Author Topic: BND Yield vs Cash Money Market yield  (Read 188 times)

NorcalBlue

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BND Yield vs Cash Money Market yield
« on: February 06, 2023, 10:12:47 AM »
Hello All,

I'm trying to figure out why I would stay in BND vs Cash in a Money Market at the current rates?  I'm getting about 3.4% in my MM vs a 2.8% yield in BND at the moment.  Maybe I'm not seeing this correctly - can someone help me determine why I would continue to be in BND vs Cash?  I'm guessing there's a good reason.  Thanks.

FIPurpose

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Re: BND Yield vs Cash Money Market yield
« Reply #1 on: February 06, 2023, 10:41:53 AM »
Because BND can appreciate in price in addition to the yield.

NorcalBlue

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Re: BND Yield vs Cash Money Market yield
« Reply #2 on: February 06, 2023, 11:00:09 AM »
Yeah, interest rate risk impacting price - which could go either way I reckon.  4.4% in a Vanguard MM sounds a much better proposition to me at the moment.

FIPurpose

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Re: BND Yield vs Cash Money Market yield
« Reply #3 on: February 06, 2023, 11:03:37 AM »
I'm confused.

I just looked up BND's current yield which says it's at ~3.96. Where are you getting your info?

NorcalBlue

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Re: BND Yield vs Cash Money Market yield
« Reply #4 on: February 06, 2023, 11:17:12 AM »
That must be the issue.  I've just been getting it from the stock quote pages that show yield as well.  Maybe that's dated.  Dumb ? - but where should I look for the current rate?  Thank You.

FIPurpose

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Re: BND Yield vs Cash Money Market yield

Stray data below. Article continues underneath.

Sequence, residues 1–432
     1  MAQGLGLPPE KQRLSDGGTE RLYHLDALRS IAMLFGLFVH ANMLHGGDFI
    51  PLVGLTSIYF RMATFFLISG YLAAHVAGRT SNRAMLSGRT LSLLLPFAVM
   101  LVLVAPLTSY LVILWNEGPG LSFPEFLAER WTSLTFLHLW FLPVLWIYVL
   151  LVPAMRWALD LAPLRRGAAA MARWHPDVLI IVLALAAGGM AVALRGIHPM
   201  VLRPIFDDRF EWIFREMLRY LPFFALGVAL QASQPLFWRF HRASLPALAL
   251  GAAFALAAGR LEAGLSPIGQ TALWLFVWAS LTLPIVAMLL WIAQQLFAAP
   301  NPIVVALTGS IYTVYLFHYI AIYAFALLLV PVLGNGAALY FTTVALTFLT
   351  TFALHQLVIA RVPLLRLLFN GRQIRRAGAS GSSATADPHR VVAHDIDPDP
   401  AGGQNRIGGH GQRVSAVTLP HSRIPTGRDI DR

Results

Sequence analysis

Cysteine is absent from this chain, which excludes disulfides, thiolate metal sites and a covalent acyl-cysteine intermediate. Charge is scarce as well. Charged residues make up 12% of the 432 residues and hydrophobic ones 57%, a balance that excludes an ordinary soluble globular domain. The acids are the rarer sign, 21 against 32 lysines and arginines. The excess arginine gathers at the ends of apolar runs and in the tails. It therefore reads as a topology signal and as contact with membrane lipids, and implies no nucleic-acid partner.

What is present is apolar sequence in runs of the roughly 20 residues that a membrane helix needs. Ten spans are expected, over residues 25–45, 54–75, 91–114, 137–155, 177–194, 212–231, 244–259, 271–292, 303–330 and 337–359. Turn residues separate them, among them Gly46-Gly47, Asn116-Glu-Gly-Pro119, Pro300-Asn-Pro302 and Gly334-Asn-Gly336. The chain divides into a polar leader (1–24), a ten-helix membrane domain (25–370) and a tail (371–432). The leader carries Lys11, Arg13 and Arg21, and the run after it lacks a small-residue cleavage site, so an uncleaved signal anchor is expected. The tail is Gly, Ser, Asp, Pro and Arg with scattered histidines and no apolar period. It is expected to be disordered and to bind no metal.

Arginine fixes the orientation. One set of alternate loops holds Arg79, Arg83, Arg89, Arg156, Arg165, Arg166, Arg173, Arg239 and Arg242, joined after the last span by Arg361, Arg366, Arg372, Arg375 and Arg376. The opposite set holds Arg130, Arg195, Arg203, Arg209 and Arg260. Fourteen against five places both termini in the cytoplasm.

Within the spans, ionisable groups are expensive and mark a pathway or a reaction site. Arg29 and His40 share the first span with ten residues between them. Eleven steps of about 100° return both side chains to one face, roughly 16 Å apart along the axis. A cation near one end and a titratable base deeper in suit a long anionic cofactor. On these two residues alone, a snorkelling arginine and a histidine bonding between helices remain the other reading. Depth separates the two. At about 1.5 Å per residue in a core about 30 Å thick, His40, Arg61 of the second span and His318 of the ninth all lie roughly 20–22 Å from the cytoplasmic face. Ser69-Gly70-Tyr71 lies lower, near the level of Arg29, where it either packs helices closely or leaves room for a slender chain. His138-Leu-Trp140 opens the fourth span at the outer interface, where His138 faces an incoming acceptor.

« Reply #5 on: February 06, 2023, 11:25:20 AM »
Ok I see I was looking at SEC yield vs the Distribution yield you're probably looking at. Take that info whatever its worth.

Heckler

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Re: BND Yield vs Cash Money Market yield
« Reply #6 on: February 06, 2023, 01:55:27 PM »
https://investor.vanguard.com/investment-products/etfs/profile/bnd#portfolio-composition

and my understanding of bond funds is to look at the YTM (The rate of return an investor would receive if a security is held to its maturity date.). 

4.6% for BND currently, with maturity 8.9 years from now

https://www.bogleheads.org/wiki/Bonds:_advanced_topics#Yield_to_maturity


Summary:  MM or cash for spending in the near future.  Bonds for x+ years from now, Equity for x++ years from now.

Radagast

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Re: BND Yield vs Cash Money Market yield
« Reply #7 on: February 06, 2023, 03:58:22 PM »
There are two competing bond fund risks. One is interest rate risk: the risk that if interest rates go way up, your existing bonds will decline in value until their coupon payments equal the new higher rate bonds relative to their price, which makes you sell at a loss if you need the money sooner. The other is reinvestment risk: the risk that if interest rates go way down, when your existing bonds will mature and you will be forced to reinvest at a very low rate, whereas a long term bond would keep paying the same high rate. Either one can cause you to have less money than you should have.

If interest rates go way up, the coupon payments and maturing bonds from existing bonds will be reinvested at higher rates, and will eventually make up and then far more than make up the difference to the lost principal. The time it would take to break even is expressed by a bond fund's duration, but the duration is only an indication and not the exact result you will get because the exact result is path dependent on the actual series of sizes and timings of interest rate changes.

The basic rule of thumb is to invest in bond funds with a duration similar to the length of time you expect to keep your money in the bond fund, because that is where you minimize the combined effects of reinvestment risk and interest rate risk.

For example, I plan to keep my bond funds for a very long time so I invest in very long term bonds, but as I approach my "enough" $ amount I invest more in shorter term bonds because I need that money sooner. Another popular approach is to say "I don't know when I will need the money, and I don't want to try and outguess the market on future rates, so I will use bond funds matching the market duration." Money market funds are ideal for money needed in the next year, but farther out than that consider longer duration funds. For example, if I sell my house and plan to buy another soon, I will use a money market fund because I only plan to use that fund a short while and don't worry about a need to reinvest at a high future rate to sustain long term returns.
« Last Edit: February 06, 2023, 04:25:12 PM by Radagast »